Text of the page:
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Our attorneys stay on top of changes in legislation, agency regulations, case law, and industry trends—then craft timely legal alerts to keep clients up to date on legal developments important to their business.

December 22, 2020

What Employers Can Expect Under the Biden Administration: Diversity Training

This alert is another in the series covering changes employers can expect to labor and employment policy from President-elect Joseph Biden’s administration.

President-elect Joseph Biden and Vice President-elect Kamala Harris have pledged to make significant changes to the American workplace, including an expansion of workers’ rights. Though there is still uncertainty, Barclay Damon’s alert series will shed light on what employers can likely expect to see under the Biden administration.

Diversity Training

In Executive Order 13950, issued on September 22, 2020, President Trump attempted to correct what he perceived to be a problem in diversity training with respect to the widely accepted theory of “implicit bias”—attitudes or stereotypes that affect one’s understanding, actions, and decisions in an unconscious manner. The executive order prohibited diversity training when that training taught or implied an individual, by virtue of their race, sex, or national origin, is racist, sexist, oppressive, or biased, whether consciously or unconsciously. The executive order contained an enforcement mechanism, required federal contractors to insert specific language prohibiting such training in their contracts, and required federal contractors and agencies to provide information of implied bias training programs to the Office of Federal Contract Compliance Programs (OFCCP).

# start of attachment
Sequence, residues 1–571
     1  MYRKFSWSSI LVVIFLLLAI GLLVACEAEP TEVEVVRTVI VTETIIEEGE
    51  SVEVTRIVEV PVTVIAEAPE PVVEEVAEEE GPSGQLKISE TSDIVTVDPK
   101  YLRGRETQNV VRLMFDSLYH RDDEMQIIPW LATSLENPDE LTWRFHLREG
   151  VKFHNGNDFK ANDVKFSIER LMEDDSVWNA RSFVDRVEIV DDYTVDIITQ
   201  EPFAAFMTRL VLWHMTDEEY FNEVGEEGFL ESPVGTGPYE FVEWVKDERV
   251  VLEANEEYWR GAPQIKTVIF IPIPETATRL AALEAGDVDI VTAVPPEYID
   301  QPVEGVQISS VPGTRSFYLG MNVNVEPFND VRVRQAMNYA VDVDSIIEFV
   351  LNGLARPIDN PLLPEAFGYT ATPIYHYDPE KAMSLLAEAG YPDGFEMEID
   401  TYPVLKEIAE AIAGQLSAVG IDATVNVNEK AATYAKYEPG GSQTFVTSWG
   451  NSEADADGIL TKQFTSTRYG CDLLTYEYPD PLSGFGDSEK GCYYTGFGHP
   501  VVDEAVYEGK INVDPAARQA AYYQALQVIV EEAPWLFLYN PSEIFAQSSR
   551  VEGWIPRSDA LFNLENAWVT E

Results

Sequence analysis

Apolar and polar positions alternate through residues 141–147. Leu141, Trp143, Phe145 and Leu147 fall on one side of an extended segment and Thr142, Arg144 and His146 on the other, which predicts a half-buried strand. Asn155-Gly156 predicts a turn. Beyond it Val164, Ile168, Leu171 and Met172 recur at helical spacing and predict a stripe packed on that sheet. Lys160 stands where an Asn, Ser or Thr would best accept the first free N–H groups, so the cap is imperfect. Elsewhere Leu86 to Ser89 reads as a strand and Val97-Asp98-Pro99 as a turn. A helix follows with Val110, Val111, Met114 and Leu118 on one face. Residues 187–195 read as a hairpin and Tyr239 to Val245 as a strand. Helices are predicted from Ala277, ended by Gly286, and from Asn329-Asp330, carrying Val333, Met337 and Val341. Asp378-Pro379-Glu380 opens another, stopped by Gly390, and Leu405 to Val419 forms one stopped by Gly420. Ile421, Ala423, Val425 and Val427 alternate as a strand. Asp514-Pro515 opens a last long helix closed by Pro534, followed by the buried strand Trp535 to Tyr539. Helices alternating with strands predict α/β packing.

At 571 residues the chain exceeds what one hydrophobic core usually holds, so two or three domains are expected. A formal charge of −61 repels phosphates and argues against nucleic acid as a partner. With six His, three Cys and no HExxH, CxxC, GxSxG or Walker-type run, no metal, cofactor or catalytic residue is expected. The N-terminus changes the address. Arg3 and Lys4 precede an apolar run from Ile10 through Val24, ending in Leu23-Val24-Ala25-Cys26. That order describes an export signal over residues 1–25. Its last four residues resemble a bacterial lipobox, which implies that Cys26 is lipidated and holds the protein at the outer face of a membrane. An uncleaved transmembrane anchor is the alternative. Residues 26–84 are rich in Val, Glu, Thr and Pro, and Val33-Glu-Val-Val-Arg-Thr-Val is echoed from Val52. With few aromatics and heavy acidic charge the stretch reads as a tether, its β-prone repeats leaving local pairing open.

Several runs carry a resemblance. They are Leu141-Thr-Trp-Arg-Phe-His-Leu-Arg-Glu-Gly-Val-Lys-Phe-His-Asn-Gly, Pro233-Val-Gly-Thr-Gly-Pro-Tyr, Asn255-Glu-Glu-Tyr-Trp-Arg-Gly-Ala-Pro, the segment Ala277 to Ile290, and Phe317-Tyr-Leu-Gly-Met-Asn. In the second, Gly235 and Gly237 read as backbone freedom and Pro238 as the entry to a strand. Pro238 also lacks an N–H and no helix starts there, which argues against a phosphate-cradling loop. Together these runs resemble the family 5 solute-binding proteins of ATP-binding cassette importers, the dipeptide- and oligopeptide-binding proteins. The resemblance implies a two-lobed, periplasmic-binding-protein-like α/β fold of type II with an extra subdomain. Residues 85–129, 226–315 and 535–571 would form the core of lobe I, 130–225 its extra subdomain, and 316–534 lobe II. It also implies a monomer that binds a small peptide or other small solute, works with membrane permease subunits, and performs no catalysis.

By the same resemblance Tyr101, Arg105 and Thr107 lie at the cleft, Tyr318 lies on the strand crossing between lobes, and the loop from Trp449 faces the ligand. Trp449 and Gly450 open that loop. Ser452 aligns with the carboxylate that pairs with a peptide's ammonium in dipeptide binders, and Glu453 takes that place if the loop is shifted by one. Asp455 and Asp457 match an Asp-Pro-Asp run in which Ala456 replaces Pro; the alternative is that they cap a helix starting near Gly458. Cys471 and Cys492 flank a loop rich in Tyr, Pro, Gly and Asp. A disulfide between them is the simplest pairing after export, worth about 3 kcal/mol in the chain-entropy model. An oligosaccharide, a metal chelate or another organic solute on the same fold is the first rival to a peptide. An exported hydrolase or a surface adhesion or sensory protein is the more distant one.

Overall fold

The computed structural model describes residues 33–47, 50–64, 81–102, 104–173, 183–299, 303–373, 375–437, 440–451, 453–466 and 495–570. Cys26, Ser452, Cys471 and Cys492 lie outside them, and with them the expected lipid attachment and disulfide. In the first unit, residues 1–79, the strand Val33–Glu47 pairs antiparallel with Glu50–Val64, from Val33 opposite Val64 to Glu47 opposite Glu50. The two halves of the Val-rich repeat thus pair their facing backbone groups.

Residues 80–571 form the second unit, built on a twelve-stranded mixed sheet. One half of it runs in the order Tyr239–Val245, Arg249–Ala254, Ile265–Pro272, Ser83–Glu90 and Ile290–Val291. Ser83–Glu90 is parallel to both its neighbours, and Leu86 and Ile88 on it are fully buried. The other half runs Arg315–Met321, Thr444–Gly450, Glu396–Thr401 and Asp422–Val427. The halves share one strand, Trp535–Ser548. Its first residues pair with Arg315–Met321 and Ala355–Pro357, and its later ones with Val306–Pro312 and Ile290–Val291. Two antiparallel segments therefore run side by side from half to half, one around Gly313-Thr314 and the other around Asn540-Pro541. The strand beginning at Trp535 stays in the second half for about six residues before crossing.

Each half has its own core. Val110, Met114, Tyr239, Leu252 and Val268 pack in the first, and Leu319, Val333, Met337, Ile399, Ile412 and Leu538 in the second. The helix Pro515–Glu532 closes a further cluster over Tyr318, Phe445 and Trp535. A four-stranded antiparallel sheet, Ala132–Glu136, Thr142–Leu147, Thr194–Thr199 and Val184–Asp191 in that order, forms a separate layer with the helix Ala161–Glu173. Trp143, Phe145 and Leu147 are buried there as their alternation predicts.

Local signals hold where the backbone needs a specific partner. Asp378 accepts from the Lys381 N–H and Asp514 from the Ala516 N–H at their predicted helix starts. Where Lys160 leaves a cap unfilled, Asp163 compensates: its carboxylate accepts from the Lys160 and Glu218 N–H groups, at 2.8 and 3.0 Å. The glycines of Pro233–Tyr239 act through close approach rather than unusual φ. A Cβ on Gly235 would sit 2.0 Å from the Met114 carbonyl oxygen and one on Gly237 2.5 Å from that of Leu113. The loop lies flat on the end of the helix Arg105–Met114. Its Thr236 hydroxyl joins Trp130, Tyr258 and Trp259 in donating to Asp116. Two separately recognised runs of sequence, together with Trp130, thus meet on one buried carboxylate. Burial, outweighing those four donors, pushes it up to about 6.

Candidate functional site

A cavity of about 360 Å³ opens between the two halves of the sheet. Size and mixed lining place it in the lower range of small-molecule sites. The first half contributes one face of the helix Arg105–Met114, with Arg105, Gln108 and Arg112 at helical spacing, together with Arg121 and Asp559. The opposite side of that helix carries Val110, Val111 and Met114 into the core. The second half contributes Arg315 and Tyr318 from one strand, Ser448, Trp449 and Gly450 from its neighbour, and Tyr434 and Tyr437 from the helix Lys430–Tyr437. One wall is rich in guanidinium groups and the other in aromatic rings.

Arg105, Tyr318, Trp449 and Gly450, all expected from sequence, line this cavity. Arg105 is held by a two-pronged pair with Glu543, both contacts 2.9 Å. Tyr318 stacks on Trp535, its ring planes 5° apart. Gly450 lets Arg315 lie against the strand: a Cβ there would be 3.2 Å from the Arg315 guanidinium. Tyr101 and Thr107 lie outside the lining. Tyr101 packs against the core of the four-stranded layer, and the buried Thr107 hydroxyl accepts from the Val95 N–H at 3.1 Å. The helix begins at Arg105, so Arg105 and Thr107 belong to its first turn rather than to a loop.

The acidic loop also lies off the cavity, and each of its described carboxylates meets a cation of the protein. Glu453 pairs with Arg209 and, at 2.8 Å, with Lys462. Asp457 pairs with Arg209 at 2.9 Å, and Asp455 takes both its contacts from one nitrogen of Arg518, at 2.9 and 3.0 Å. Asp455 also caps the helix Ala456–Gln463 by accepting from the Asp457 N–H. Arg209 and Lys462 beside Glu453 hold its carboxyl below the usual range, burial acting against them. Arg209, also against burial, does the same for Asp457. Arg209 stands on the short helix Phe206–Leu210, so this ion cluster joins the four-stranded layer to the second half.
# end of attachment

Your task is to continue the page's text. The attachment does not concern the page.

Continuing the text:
The executive order was roundly criticized by workers and a number of business groups, has been challenged in court (National Urban League v. Trump, No. 1:20-CV-03121 (D.D.C. Oct. 29, 2020)), and is subject to federal legislation introduced in the House of Representatives (H.R. 8595). In an open letter to President-elect Biden dated November 20, 2020, more than 50 charitable organizations, including the American Heart Association, the Girls Scouts of the USA, Habitat for Humanity, and the March of Dimes, urged the rescission of Executive Order 13950, arguing it had a chilling effect on diversity, equity, and inclusion training. 

It is almost certain President-elect Biden will rescind Executive Order 13950 shortly after assuming the presidency. An important plank in the Biden-Harris Build Back Better plan is advancing racial equality. As part of that initiative, candidate Biden pledged to address discrimination and harassment in the workplace, including a specific pledge to advocate for and sign the Bringing an End to Harassment by Enhancing Accountability and Rejecting Discrimination in the Workplace (BEHEARD) Act (H.R. 2148). One provision of the BEHEARD Act mandates nondiscrimination training by employers.

The bigger issue is the effect of the anticipated rescission of Executive Order 13950. The executive order required limiting language in every federal contract entered into after November 21, 2020. That requirement would continue until President-elect Biden rescinds Executive Order 13950. It is uncertain whether the anticipated rescission of Executive Order 13950 would render those contract provisions unenforceable.

Similarly, federal contractors have been required to provide information on the training programs to the OFCCP for review. Contractors found not to be in compliance with the provisions of Executive Order 13950 could be subject to sanctions, including cancellation of federal contracts. It is unclear whether the Biden administration could reverse any enforcement actions taken by OFCCP in the interim period. Federal contractors, therefore, should remain mindful of the terms of Executive Order 13950 until President Biden rescinds that order.

Once Executive Order 13950 is rescinded, as is anticipated, federal contractors can once again provide their employees with training on implicit bias without concern that they are running afoul of federal law. In fact, if the BEHEARD Act becomes law, this training may be mandated, expanding an employer’s obligation to provide such training.

If you have any questions regarding the content of this alert, please contact Alan Peterman, partner, at apeterman@barclaydamon.com; Michael Murphy at mjmurphy@barclaydamon.com; or another member of the firm’s Labor & Employment Practice Area.

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